The first generation of these displays were Plasma. Now in its third generation of upgrades, displays are being updated with “future proof” LED’s, benefitting customers, brands and the conditions – with the brightness of the screens coping with natural light from the windows.
Visitors are also greeted on each floor with two eye catching rectangular screens composed of 12 individual LED panels (AOTO) again providing advertising opportunities and providing a “wow factor” for visitors.
“We’re moving away from multiple locations of screens around the store, to going with fewer locations, with higher impact”
“We already had a legacy of locations for display and visual marketing, but this (the store refresh) gave us the opportunity to put in place state of the art technology. A chance to clean it all up and make it fresh.
“We looked at LCD, video walls but we felt the future was very much LED. A much bigger canvas and much brighter. There are lots of windows at Harrods, so lots of sunlight, so we needed something that could really punch through.
“We’re moving away from multiple locations of screens around the store, to going with fewer locations, with higher impact. It’s part of a strategy of to de-clutter. Its no mistake the digital networks we have are located in the high footfall areas of the store.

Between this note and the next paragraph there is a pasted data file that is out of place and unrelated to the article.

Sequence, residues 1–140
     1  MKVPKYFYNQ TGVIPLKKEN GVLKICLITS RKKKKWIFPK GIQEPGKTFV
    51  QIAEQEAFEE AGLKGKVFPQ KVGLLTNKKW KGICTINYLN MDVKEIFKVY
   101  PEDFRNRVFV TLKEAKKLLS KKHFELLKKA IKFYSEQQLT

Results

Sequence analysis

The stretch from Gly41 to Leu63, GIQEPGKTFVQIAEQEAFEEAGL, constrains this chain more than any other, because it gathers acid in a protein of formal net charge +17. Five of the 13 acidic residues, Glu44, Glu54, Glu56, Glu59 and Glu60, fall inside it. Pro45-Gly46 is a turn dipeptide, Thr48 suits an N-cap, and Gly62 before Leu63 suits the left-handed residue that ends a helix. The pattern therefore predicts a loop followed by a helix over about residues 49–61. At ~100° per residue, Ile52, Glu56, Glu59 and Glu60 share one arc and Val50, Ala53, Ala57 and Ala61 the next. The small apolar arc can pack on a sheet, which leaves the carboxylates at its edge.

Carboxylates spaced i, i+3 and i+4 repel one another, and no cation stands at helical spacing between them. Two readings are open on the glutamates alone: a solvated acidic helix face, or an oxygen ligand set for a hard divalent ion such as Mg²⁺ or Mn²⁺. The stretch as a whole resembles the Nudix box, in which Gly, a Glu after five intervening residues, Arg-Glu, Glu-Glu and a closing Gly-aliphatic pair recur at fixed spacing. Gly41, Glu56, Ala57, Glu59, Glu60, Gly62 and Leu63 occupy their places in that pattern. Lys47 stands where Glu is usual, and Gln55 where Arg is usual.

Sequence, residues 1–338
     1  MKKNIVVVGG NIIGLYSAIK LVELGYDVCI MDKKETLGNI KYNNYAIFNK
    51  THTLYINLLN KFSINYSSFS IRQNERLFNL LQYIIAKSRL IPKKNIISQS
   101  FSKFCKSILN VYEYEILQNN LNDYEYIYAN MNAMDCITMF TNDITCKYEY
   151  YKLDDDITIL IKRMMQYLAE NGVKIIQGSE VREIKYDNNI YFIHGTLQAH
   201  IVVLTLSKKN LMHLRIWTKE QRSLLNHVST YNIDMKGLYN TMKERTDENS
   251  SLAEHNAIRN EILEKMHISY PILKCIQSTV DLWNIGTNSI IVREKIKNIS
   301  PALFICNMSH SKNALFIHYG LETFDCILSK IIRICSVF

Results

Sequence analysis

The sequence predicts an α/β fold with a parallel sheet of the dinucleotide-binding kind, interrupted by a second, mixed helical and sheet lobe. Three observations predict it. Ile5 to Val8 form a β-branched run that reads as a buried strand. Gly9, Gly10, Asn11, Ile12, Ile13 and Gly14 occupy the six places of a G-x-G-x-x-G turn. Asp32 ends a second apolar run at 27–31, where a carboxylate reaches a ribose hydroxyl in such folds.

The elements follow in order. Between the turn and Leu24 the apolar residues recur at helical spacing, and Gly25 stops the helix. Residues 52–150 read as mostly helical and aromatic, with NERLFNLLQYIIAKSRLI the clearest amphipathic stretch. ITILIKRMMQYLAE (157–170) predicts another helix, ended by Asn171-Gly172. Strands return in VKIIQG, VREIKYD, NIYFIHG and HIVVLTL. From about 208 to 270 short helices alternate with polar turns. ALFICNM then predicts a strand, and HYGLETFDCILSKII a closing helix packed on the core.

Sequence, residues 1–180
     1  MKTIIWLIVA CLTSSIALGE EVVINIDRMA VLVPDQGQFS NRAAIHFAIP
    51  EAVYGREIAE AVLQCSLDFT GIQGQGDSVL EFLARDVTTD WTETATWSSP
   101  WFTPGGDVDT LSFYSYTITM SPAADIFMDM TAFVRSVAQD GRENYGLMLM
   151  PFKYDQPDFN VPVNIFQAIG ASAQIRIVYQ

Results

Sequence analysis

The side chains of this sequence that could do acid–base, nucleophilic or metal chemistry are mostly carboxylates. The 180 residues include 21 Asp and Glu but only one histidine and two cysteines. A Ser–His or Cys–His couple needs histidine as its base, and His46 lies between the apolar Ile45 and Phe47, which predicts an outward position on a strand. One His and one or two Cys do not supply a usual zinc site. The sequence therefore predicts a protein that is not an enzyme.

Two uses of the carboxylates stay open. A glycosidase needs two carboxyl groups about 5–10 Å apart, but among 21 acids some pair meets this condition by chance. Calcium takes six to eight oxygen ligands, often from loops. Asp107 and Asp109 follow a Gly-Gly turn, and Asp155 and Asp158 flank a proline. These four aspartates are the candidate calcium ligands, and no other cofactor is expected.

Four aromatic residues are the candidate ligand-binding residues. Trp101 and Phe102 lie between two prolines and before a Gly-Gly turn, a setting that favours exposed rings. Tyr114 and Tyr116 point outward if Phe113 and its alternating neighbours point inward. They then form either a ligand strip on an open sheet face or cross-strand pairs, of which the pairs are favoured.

We are in this world now where the whole advertising outdoor medium has gone digital and we’re following that in the retail space
“You see a lot of putting in screens for screens sake. We’ve learnt our lesson. We’ve shifted back now where possible to look at more iconic locations and use the best technology we can put in. The LED deployed here is 1.7mm pixel pitch. We were one of the first in the world to have 1.7mm inside a retail environment, which went in a year ago.
“The reason we have had to go so tight on the pixilation is because the customers are so close to the screen. Unfortunately 1.7m pitch is also extremely expensive.
“LED for us is an exciting medium. Were seeing it on the streets, every major capital city, posters are moving to digital – the world is going to digital.
“We are in this world now where the whole advertising outdoor medium has gone digital and we’re following that in the retail space.”
The inclusion of LED and video walls is also designed to help meet the demands from potential advertisers, who spend a “fortune” on creating content to promote their products, and are demanding the clearest and biggest “canvas” to showcase them on.
Harrods is also working closely with brands to provide specific content on its displays – again providing significant advertising and revenue opportunities At the beginning of this month for example, Dolce and Gabbana did a complete take over of all screens in store for three days as part of a Christmas promotion.
“The world in which we (Harrods) live in is very much the world of luxury brands. Those brands spend a fortune on glamorous shoots around the world, using the best photographers. They’re obsessed by the quality of the content. So the bigger the canvas you can give a luxury brand, the better. Size does matter.”